Castle Dome Mine Museum

Castle Dome Mine Museum

Last Friday, we visited the Castle Dome Mine Museum, located 10 miles off Highway 95 at mile marker 55. Beware: 7 of those 10 miles are on a dusty gravel road. The Museum is divided into two parts. In one part, a collection of buildings have been reconstructed from the surrounding area and filled with artifacts. We walked in a loop with opportunities to view individual dwellings see five bars, cafes, and other businesses such as the blacksmith. There is even a church. A building with women’s clothing allowed visitors to try on a variety of hats. Many of the buildings exhibited tools; one had an impressive collection of saws. The second part of the Museum is a self-guided trail near some of the 3,000 mines starting with old Spanish diggings. A sign on Glory Hole indicated that by 1878 it had produced 200,000 ounces of silver. There were several buildings, too, ranging from a bunkhouse to the post office. The entire grounds have as a backdrop the distinctive Castle Dome peak. On our way to the museum we learned that it is adjacent to Kofa National Wildlife Refuge which preserves habitat for desert bighorn sheep. On our drive to Yuma, we also passed signs for the U.S. Army Yuma Proving Ground. We later learned that in 1943 experiments with portable bridges were carried out here. Since then it has been used to develop combat vehicles, aircraft, and weapons systems.

Quartermaster Depot

Quartermaster Depot

The Yuma Quartermaster Depot State Historic Park was a frontier Army depot that supplied all the forts of the Southwest from 1864-1883. This 10-acre park has some of Arizona’s oldest buildings. Yuma’s oldest home, constructed in 1859 by George Johnson, later became the Quartermaster’s personal residence. The house has been restored to its 1876 appearance with two-foot thick adobe walls, high ceilings, a central breezeway, and a detached kitchen – all efforts to reduce heat while providing a comfortable living space in the desert. The Corral House stored grain and tack for the mules and horses. A tall stone water reservoir supplied the Depot with a reliable source of water pumped from the Colorado River and using a gravity-fed system of underground pipes throughout the site. The Storehouse stored 6 months worth of supplies destined for military posts throughout the Southwest. Supplies from San Francisco arrived by steamboat until the introduction of railroads. Later the Storehouse was used by the Bureau of Reclamation from the 1930s to 1982 to tame the Colorado with dams that prevented floods, generated power, and ensured a source of water. A restored wooden Southern Pacific passenger coach car also sits on the grounds. This type of car was introduced in 1875. This particular car was converted for rail maintenance in 1913 and continued to be used until 1938.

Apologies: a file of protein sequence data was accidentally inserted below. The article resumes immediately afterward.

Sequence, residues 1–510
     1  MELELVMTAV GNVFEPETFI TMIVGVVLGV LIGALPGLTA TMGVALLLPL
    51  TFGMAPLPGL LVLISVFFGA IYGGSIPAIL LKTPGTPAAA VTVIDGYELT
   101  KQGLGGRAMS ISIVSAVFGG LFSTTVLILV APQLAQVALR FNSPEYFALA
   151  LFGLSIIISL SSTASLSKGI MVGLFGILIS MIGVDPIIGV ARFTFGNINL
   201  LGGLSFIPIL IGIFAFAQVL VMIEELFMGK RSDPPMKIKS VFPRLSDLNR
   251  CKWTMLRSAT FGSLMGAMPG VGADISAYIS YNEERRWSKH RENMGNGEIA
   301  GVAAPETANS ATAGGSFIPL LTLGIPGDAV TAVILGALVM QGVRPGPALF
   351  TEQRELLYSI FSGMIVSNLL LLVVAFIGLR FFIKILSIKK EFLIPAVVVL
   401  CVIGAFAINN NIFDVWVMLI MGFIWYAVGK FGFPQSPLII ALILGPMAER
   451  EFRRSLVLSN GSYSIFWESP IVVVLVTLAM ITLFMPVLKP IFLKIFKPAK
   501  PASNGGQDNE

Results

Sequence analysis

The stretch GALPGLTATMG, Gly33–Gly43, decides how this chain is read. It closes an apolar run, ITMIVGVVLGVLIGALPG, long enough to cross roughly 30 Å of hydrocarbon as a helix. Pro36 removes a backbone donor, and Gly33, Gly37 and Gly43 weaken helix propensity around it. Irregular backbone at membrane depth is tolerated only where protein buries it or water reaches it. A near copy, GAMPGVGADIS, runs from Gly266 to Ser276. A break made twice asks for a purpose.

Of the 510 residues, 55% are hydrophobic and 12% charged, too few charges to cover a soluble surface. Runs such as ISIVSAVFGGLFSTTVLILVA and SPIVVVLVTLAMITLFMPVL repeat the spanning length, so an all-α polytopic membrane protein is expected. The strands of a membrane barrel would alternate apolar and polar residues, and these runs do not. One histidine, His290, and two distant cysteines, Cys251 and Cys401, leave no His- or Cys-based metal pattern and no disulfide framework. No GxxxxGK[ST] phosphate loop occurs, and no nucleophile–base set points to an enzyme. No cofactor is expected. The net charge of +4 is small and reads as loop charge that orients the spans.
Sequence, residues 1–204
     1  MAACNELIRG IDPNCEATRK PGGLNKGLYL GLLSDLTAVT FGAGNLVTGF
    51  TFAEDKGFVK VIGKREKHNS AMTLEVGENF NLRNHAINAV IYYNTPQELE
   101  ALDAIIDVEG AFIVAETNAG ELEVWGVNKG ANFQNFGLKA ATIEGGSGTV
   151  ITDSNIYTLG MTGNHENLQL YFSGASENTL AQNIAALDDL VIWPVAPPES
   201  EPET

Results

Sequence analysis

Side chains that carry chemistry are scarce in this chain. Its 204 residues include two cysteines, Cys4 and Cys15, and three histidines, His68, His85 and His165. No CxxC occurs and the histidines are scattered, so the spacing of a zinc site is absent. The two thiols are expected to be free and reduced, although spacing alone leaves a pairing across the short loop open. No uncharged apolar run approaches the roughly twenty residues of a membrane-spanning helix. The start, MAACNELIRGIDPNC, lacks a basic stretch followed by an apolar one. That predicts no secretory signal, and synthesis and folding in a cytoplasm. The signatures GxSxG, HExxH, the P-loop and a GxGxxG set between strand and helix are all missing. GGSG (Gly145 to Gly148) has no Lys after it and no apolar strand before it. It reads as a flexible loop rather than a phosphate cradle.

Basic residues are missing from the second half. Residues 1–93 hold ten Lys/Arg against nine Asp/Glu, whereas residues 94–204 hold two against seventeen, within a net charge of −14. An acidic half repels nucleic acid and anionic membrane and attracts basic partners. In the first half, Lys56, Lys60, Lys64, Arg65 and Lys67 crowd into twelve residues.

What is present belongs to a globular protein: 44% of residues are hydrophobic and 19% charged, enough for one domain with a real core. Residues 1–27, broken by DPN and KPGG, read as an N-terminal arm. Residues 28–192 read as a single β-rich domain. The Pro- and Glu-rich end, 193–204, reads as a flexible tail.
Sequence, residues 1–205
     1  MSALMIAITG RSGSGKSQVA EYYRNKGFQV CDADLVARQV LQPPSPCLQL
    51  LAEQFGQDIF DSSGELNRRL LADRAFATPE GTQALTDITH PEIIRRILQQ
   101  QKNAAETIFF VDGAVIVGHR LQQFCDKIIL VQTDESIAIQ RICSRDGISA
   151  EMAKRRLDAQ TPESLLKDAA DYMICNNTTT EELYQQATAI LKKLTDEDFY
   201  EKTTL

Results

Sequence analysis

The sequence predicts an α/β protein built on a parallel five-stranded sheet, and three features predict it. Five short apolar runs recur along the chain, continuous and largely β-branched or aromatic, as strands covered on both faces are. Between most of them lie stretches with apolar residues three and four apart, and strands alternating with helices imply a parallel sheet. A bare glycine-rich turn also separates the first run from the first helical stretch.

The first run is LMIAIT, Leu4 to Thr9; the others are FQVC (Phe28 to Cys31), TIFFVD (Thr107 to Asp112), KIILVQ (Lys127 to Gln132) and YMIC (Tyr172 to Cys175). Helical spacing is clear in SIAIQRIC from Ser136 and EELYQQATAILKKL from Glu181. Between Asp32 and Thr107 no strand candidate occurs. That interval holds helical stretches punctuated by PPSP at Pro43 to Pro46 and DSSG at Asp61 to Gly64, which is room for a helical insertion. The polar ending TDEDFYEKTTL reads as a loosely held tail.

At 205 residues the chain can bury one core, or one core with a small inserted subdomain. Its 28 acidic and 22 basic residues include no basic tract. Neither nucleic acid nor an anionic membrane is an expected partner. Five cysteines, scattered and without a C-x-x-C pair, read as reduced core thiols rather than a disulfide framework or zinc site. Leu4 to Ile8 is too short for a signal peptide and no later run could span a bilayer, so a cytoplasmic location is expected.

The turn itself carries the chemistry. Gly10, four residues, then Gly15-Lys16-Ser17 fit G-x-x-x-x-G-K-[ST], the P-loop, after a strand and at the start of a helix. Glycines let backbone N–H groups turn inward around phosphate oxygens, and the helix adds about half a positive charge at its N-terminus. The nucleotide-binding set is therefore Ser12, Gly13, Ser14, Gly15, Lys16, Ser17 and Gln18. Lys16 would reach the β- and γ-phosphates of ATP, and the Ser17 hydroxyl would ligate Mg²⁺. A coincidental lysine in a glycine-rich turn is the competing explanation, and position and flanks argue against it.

According to the Yuma Arizona 2014/2015 Official Visitors Guide some 60,000 California-bound gold-seekers in 1849 used a rope ferry to cross the Colorado River near Yuma’s Main Street. On our visit this past Saturday we found Main Street closed off for the City of Yuma’s Military Appreciation Day. Military displays filled the street for about two or three blocks. We listened to some speakers including Miss Yuma and Miss San Luis, Mexico before driving to the nearby Gateway Park. We walked under the Ocean-to-Ocean Bridge on some of the 7 miles of bike trail before finding a hiking trail along the Colorado River and through part of the 400 acres of restored wetlands. We saw stumps chewed by beavers and a beaver lodge.

Territorial Prison

Territorial Prison

On Saturday afternoon we visited the Yuma Territorial Prison State Historic Park. The prison operated for 33 years from 1876 to 1909 during which time it held 3,069 prisoners including 29 women. As we explored the remains of a cellblock, audio recordings shared stories of some prisoners. Each cell held six prisoners with only a container for a toilet. Life must have been tough with only a bath once a week. Any rule breaker was placed in a “Dark Cell,” a dark cave-like room. Local citizens considered the jail a “country club” because it had electricity, forced ventilation, 2 bathtubs & 3 showers, a library with 2,000 books, and even a band. A reconstructed Guard Tower offered a commanding view of the surrounding area including the Yuma East Wetlands restoration project where we had walked earlier. Our visit coincided with the 17th Annual Gathering of the Gunfighters. Yuma’s DeGuello Gunslingers sponsor this event that brings together groups wearing period correct attire and firearms for 20 minute Old West vignettes.

The biggest surprise during our short visit to Yuma was discovering that it claims to be the “Winter Vegetable Capital of the World.” According to the Visitors Guide, sunshine, rich soil, and good water combine to produce more than 175 different crops, including 90% of the nation’s leafy greens from November through March. Yuma is well worth a visit.

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